Terrerobytes: Recalibrating the aim of White Sox broadcasts

Bob Levey

Plus: Marcus Semien's brush with greatness, Josh Phegley has a lot on his plate, and Chris Sale is a bag of something

The last thing anybody needs is another dissertation on Hawk Harrelson, but Jim Angio brought me into it. (Skip down to the other Terrerobytes if that's not a good enough reason for you; there's other stuff to talk about, too.)

Paul Sullivan talked to the White Sox's telecast director in an article about the Chicago teams' broadcast strategies while playing out the string:

Angio's broadcasts focus on Harrelson, who is in his 29th season in the Sox booth and sometimes is bigger than the game itself. In a season like this, Harrelson can get so frustrated he clams up and goes under a cone of silence.

"That's his M.O.," Angio said with a laugh. "I would never say the broadcast goes as Hawk goes, but he wears his emotions on his sleeve. All of a sudden, if the team goes into a little bit of a funk or slump, Hawk will just become quiet and he'll state it like, 'Oh, boy…' Then he'll sigh. And Sox fans love it.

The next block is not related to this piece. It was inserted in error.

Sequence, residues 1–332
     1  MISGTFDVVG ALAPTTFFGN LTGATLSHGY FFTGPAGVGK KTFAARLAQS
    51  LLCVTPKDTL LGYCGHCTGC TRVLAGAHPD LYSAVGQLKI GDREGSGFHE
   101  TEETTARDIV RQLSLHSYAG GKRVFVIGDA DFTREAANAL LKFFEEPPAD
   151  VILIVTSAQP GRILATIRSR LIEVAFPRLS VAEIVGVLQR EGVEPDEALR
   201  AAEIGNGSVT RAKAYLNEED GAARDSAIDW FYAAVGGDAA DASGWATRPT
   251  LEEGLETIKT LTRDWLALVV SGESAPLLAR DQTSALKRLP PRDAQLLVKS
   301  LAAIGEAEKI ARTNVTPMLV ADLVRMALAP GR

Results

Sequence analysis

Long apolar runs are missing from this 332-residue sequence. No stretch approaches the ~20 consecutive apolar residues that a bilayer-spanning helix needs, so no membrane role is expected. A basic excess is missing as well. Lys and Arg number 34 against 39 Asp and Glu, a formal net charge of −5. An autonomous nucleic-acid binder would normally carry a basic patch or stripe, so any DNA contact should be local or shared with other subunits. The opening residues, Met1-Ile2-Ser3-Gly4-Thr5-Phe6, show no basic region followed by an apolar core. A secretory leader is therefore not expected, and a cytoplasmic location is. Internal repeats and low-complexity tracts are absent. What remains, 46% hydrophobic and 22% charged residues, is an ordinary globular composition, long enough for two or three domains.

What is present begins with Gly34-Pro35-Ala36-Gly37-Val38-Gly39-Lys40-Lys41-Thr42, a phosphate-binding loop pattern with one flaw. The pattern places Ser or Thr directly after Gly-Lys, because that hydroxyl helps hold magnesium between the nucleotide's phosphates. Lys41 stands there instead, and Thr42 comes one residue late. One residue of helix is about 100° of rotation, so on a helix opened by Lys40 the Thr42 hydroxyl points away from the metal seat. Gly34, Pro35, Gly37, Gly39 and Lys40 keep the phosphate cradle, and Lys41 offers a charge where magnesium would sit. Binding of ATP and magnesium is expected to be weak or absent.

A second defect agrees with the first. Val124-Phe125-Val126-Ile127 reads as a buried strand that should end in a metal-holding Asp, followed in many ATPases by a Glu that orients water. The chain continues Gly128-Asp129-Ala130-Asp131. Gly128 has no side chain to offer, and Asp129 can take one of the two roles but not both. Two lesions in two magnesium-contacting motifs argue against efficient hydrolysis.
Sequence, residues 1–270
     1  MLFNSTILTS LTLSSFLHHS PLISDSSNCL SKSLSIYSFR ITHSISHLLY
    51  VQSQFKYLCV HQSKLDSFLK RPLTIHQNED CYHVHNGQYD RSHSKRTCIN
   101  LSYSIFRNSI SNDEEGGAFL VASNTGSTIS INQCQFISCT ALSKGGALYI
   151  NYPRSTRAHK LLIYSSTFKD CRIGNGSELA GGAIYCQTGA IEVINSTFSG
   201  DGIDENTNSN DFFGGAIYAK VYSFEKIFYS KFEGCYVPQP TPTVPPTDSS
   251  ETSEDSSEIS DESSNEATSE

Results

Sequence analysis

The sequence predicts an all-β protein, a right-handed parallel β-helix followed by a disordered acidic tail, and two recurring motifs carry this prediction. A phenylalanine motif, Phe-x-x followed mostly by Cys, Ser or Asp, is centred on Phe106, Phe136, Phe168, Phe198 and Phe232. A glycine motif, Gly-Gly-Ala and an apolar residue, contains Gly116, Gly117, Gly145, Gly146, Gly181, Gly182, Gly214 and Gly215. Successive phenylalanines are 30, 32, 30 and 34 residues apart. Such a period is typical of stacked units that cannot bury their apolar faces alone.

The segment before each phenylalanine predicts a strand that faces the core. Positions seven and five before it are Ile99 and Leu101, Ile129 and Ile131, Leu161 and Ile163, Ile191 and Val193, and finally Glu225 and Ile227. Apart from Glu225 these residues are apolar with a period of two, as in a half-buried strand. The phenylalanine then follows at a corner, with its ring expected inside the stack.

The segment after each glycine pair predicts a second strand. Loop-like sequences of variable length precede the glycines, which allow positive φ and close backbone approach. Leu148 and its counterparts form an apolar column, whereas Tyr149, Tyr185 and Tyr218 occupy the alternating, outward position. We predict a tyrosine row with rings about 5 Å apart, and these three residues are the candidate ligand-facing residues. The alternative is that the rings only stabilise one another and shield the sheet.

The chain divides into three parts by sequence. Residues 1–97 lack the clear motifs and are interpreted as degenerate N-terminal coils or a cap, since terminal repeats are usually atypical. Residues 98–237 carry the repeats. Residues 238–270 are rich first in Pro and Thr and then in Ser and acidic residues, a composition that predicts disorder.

"They know he's not going to sugarcoat it. And when the Sox are on a high note, there is no bigger cheerleader or rooter for the Sox than Hawk. We try to react to that."

The timing of this article is funny to me personally, because when the White Sox play the Orioles, I always pick the Gary Thorne-Jim Palmer pairing on MASN. Palmer's a Hall of Famer and a product of the Oriole Way, so he has quite a bit of leeway when it comes to criticizing the on-field product. He uses that leverage when he needs to (not as much these days), but without histrionics. The fact that he's saying it is damning enough, so he doesn't need to dwell on a point or hammer it repeatedly.

He also seems to read up on the league, and his analysis of White Sox players is closer to the specifics than most. Basically, I like broadcasters and analysts to be curious about what they're watching (see Ron Darling on Hector Santiago), and that's not exactly a trait of Harrelson. The close-mindedness becomes exacerbated when every game is the same, because it further rounds down his field of applicable prejudgments and truisms.

I get the feeling Steve Stone feels the same way, mainly because of how energized he sounded when calling the two games with Tom Paciorek. He's sitting on a lot of knowledge of the league and its current events, but it seldom leads to interesting discourse with the regular arrangement. If he introduces a topic, it's often shoved hamfistedly through the Hawk prism of preexisting conclusions, or it's ignored. And Hawk doesn't ask for Stone's opinion as much as he leads the witness.

When Stone got a chance to take the lead and had a broadcasting veteran who could carry his half of a lively conversation (Paciorek; no offense to Mike Huff), the range of topics opened up, and I spent the broadcast listening intently instead of reflexively completing sentences. Those two games showed me what I could be listening to during a lost season, which made the return to normal a little more frustrating than usual.